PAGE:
Dementia

The general term for the decline in mental ability that severely effects an individual daily functioning is known as dementia. It is not a specific disease but carries a wide range of symptoms that mainly associated with memory decline. Symptoms of dementia are progressive in nature, which means, initially symptoms started slowly and gradually get worse.

Symptoms of dementia can vary greatly, at least two of the following core mental functions must be significantly impaired to be considered dementia:

  • Memory
  • Communication and language
  • Ability to focus and pay attention
  • Reasoning and judgment
  • Visual perception

People with dementia may have problems with short-term memory such as keeping a track of their purse or wallet, paying bills, planning and preparing meals, remembering appointments or traveling.

Dementia

The general term for the decline in mental ability that severely effects an individual daily functioning is known as dementia. It is not a specific disease but carries a wide range of symptoms that mainly associated with memory decline. Symptoms of dementia are progressive in nature, which means, initially symptoms started slowly and gradually get worse.

Symptoms of dementia can vary greatly, at least two of the following core mental functions must be significantly impaired to be considered dementia:

  • Memory
  • Communication and language
  • Ability to focus and pay attention
  • Reasoning and judgment
  • Visual perception

People with dementia may have problems with short-term memory such as keeping a track of their purse or wallet, paying bills, planning and preparing meals, remembering appointments or traveling. 

Prevalence

It was estimated in 2010 that upto 35.6 million people worldwide lived with dementia, which is expected to double after every 20 years, i.e. 65.7 million in 2030 (Prince et al 2013). In 2010, 58{0cf1e6dc1fb68e2dabdbd445fff5d259c31d35936ba9909217e6c00d9cf66ff9} of  dementia patients lived in countries belonging to World Bank low income group (Martin Prince et al., 2013).

Montessori Based Activities for Dementia

Montessori education is an approach which was led by Maria Montessori. Basically, her work focuses on observation of the child and experimentation with the environment, material and availability of lessons.  Initially she uses these techniques for educating children with learning disability but after seeing effective results, she applied this concept to other children.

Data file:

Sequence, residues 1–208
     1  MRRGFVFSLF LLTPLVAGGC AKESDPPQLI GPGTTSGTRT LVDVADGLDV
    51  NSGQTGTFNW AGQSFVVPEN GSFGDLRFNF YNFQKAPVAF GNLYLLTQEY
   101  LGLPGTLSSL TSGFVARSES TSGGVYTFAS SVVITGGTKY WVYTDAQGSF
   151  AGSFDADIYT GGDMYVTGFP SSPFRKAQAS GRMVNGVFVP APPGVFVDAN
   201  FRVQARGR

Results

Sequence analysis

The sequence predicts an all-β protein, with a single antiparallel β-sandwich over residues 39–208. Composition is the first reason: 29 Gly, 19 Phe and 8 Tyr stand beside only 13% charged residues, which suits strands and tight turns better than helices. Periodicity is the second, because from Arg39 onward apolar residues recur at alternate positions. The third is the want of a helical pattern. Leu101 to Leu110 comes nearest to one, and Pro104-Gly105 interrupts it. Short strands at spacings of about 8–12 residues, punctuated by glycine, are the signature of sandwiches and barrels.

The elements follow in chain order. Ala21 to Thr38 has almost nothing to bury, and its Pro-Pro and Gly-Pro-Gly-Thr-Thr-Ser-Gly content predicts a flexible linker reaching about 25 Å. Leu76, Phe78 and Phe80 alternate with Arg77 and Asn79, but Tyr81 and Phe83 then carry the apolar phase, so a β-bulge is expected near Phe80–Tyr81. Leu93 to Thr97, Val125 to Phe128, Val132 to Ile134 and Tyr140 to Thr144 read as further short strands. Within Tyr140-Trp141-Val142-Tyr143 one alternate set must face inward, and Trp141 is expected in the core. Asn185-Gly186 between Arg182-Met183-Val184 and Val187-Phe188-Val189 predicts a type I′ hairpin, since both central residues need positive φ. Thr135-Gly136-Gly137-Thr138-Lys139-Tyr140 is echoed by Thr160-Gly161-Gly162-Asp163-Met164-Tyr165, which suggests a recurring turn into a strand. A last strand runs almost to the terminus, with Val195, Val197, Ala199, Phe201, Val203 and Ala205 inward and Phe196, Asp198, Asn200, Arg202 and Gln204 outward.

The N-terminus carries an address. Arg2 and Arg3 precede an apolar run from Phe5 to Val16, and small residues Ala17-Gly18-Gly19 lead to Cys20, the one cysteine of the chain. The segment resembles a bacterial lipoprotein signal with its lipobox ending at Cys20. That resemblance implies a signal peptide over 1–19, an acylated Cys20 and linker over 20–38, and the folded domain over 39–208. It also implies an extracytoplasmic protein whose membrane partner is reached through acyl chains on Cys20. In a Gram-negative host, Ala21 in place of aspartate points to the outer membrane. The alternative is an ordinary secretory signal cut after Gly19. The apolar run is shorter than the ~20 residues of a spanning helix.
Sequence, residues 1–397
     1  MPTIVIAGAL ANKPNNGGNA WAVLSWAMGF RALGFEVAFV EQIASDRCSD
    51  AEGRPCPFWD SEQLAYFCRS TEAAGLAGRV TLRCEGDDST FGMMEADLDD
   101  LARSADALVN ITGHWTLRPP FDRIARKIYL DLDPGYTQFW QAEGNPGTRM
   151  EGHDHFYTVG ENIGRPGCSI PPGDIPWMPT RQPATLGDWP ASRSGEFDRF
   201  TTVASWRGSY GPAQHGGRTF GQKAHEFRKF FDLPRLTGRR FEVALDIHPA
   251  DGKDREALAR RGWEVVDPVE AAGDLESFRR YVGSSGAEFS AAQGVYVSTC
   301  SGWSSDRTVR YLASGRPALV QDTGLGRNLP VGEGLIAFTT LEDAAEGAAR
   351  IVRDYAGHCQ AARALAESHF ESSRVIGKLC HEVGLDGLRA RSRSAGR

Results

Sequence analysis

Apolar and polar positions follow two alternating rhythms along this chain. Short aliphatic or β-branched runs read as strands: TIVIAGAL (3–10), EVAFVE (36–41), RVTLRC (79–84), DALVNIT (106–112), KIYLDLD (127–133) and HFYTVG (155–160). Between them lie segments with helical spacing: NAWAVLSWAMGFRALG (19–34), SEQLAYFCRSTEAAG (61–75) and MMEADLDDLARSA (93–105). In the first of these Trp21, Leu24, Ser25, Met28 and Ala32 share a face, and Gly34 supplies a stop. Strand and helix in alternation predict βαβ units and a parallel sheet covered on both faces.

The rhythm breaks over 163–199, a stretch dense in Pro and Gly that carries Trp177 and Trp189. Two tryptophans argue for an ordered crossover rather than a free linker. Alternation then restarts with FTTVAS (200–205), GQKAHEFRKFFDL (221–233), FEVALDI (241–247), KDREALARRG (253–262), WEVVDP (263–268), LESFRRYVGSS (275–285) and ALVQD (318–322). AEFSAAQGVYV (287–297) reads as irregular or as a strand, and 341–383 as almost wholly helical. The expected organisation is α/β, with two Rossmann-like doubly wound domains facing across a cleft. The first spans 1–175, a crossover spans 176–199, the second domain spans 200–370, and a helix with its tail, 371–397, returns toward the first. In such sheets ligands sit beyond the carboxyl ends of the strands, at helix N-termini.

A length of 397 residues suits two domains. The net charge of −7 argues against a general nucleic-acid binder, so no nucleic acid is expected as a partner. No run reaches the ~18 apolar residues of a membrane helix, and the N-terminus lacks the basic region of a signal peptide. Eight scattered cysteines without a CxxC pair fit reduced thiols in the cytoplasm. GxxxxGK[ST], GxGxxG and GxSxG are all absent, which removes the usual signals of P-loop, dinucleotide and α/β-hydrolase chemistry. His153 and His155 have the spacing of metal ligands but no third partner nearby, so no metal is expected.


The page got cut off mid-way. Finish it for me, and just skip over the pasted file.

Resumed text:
Nowadays everyone is familiar and relates this as a necessary education for child in their early development. The concept behind Montessori techniques is to make the child independent and provide platform for using his/her senses for learning social, cognitive and functional skills.

Besides pharmacological treatment, most researches are going on non pharmacological interventions for managing emotional/behavioral disturbances in people suffering from memory impairment.One of these non pharmacological interventions that is used nowadays in abroad is “Montessori” techniques. According to World Alzheimer report of 2011 psychosocial approaches are considered as effective in improving  cognitive function in dementia (Martin Prince, Bryce, & Ferri, 2011)

Recently, Montessori methods has been tried in a research setting on older people and found that it is moderately effective in improving certain behavioral outcomes such as eating behaviors, agitation, and mood (Orsulic-Jeras, Judge, & Camp, 2000).Importantly, participants demonstrated a positive engagement with the intervention, suggest that this may be a promising form of support to investigate and develop further for the care of people with dementia (Lee, Camp, & Malone, 2007) (Orsulic-Jeras et al., 2000).